The gardener was careful not to harm the grub that would soon become a beautiful beetle.


An organism that plays a role in the process of decomposition.
The presence of maggots indicates that the decomposition is well underway.


To dig up by or as if by the roots
Grubbed carrots with a stick.


The legless, soft-bodied, wormlike larva of any of various dipteran flies, often found in decaying matter.


To clear of roots and stumps by digging
Grubbed a small plot.


What do grubs eat?

Grubs commonly feed on roots, wood, or plant material.

Can the word grub also mean food?

Yes, grub is slang for food in English.

Are all grubs a type of maggot?

No, grubs are beetle larvae, while maggots are fly larvae.

Is it common to use maggots in medical treatment?

Yes, maggot therapy is used for cleaning non-healing wounds.

What do maggots eat?

Maggots feed on decaying organic matter.

How can you prevent maggots in trash cans?

Keeping trash cans clean and tightly sealed can prevent maggots.

Are maggots harmful to humans?

Maggots are not directly harmful but can indicate decay or unsanitary conditions.

Can grubs be used for fishing bait like maggots?

Yes, some fishers use grubs as bait due to their soft body.

Do grubs and maggots look the same?

No, grubs are typically C-shaped, while maggots are slender and elongated.

Do both grubs and maggots turn into beetles?

No, only grubs turn into beetles, while maggots turn into flies.

Are grub and maggot interchangeable terms?

No, they refer to specific larvae of different insects.

Do maggots have a role in the ecosystem?

Yes, they help decompose dead organic matter.

Is it offensive to call someone a maggot?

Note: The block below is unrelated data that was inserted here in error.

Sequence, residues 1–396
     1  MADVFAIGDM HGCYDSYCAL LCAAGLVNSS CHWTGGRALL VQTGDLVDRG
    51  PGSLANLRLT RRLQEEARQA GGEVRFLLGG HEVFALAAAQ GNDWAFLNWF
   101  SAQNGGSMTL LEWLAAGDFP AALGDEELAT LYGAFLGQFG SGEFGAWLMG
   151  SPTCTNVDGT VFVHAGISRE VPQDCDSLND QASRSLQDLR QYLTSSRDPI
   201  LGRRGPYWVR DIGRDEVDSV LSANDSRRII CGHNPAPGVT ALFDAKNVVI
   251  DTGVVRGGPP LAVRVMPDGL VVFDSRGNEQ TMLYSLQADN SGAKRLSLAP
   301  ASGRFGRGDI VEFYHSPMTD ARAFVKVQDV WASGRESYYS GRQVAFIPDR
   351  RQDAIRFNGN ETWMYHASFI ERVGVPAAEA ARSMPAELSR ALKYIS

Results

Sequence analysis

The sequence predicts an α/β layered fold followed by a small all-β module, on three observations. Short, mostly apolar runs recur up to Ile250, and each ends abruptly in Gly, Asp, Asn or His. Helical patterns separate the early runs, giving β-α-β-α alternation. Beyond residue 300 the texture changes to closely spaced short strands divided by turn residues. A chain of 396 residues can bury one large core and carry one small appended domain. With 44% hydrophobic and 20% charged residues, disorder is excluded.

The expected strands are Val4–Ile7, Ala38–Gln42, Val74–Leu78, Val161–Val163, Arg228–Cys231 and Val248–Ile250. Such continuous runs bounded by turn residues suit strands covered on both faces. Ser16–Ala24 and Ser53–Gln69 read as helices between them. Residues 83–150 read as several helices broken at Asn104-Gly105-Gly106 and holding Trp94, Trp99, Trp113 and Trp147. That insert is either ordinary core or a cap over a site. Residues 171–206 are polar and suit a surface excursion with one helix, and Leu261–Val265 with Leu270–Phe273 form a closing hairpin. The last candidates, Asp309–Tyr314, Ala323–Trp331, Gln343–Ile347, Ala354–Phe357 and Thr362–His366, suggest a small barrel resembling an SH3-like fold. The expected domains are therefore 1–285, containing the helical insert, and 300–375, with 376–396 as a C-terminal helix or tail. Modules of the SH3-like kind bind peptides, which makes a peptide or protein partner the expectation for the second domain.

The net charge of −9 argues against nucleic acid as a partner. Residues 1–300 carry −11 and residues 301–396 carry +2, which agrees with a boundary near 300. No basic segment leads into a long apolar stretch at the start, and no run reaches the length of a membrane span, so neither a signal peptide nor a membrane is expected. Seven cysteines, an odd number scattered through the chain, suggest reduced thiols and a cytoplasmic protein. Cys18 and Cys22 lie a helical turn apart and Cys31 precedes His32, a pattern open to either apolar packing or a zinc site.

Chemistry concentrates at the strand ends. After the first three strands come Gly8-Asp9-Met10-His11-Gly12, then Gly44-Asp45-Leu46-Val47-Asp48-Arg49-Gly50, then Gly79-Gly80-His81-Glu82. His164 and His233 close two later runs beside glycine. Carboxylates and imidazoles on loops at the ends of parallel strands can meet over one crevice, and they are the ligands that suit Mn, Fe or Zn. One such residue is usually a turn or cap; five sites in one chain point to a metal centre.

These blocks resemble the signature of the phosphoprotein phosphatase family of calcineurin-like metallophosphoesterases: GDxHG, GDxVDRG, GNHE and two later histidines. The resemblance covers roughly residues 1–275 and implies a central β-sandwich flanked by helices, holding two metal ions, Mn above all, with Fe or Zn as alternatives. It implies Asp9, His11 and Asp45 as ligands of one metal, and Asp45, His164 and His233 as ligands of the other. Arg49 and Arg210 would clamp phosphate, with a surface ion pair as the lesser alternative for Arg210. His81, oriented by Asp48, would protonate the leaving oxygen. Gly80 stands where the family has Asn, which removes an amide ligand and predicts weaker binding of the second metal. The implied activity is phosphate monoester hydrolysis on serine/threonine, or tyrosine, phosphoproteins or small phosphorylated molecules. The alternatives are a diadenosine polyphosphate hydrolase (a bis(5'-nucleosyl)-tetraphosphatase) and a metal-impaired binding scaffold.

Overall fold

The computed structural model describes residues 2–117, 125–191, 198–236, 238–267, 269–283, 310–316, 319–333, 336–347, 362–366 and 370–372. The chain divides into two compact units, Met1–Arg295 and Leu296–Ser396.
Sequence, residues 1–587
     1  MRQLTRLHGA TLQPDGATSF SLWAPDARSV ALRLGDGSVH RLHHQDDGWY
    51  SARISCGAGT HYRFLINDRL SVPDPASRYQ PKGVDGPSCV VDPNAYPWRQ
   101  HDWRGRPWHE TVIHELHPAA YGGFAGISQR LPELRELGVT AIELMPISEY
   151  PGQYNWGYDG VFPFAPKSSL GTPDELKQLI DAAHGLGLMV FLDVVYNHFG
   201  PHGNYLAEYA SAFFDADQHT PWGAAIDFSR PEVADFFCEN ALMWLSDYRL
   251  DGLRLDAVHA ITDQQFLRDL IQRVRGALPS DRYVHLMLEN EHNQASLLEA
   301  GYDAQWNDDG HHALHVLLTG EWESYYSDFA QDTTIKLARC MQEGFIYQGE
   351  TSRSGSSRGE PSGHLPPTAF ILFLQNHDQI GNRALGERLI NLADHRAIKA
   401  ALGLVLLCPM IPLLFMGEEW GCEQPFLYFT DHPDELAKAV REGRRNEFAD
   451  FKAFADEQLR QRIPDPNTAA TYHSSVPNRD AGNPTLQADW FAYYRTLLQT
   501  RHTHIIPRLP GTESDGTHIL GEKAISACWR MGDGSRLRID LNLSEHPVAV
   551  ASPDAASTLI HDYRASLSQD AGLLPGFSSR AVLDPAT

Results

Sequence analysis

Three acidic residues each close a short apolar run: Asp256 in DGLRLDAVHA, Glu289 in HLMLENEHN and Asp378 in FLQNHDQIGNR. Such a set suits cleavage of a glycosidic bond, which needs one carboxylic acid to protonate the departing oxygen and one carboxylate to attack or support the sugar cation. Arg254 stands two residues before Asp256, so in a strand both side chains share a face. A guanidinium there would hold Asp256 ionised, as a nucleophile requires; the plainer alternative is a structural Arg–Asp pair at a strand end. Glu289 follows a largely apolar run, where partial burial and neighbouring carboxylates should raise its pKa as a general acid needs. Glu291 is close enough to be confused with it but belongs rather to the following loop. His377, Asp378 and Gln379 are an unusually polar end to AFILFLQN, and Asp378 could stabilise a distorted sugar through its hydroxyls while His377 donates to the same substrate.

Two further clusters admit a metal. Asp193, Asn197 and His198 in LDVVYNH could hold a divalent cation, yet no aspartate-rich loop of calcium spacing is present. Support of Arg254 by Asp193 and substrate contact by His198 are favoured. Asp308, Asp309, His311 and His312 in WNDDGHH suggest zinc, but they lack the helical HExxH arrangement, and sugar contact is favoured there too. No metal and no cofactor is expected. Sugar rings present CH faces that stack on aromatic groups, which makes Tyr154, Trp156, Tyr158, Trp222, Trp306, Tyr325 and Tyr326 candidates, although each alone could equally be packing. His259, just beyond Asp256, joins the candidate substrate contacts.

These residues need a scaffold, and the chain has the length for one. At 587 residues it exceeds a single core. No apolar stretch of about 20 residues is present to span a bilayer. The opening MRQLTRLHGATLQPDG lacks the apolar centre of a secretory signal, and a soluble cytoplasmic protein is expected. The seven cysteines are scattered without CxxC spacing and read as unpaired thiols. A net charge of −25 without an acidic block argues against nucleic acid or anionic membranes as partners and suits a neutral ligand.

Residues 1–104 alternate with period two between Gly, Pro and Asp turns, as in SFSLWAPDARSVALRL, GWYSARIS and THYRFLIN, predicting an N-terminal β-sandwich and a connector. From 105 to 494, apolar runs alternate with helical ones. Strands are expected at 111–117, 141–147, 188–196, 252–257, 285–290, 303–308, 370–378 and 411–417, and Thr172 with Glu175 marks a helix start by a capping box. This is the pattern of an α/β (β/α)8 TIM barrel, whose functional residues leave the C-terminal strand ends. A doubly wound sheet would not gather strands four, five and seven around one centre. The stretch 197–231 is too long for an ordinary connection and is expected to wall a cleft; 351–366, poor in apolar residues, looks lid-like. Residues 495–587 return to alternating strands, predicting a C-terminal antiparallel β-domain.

Yes, it's a derogatory term and should be avoided.

What's the best way to get rid of grubs in your garden?

Nematodes and milky spore disease can be natural controls for grubs.

How quickly do maggots develop into flies?

Maggots can develop into adult flies in as little as 24 hours in warm conditions.

Are there any natural predators of grubs?

Yes, birds, moles, and other insects eat grubs.

Are maggots always found in dirty places?

Mostly, but they are also used in controlled settings for waste management and medical treatments.

Can finding grubs in the soil be beneficial?

Yes, some grubs aerate soil, although others may damage plants.

What kind of fly larvae are maggots?

Maggots are larvae of flies, typically the common housefly.

Can you eat grubs as you would 'grub'?

While grubs are edible insects in some cultures, 'grub' as slang for food usually refers to conventional food items.
About Author
Written by
Harlon Moss
Harlon is a seasoned quality moderator and accomplished content writer for Difference Wiki. An alumnus of the prestigious University of California, he earned his degree in Computer Science. Leveraging his academic background, Harlon brings a meticulous and informed perspective to his work, ensuring content accuracy and excellence.
Edited by
Janet White
Janet White has been an esteemed writer and blogger for Difference Wiki. Holding a Master's degree in Science and Medical Journalism from the prestigious Boston University, she has consistently demonstrated her expertise and passion for her field. When she's not immersed in her work, Janet relishes her time exercising, delving into a good book, and cherishing moments with friends and family.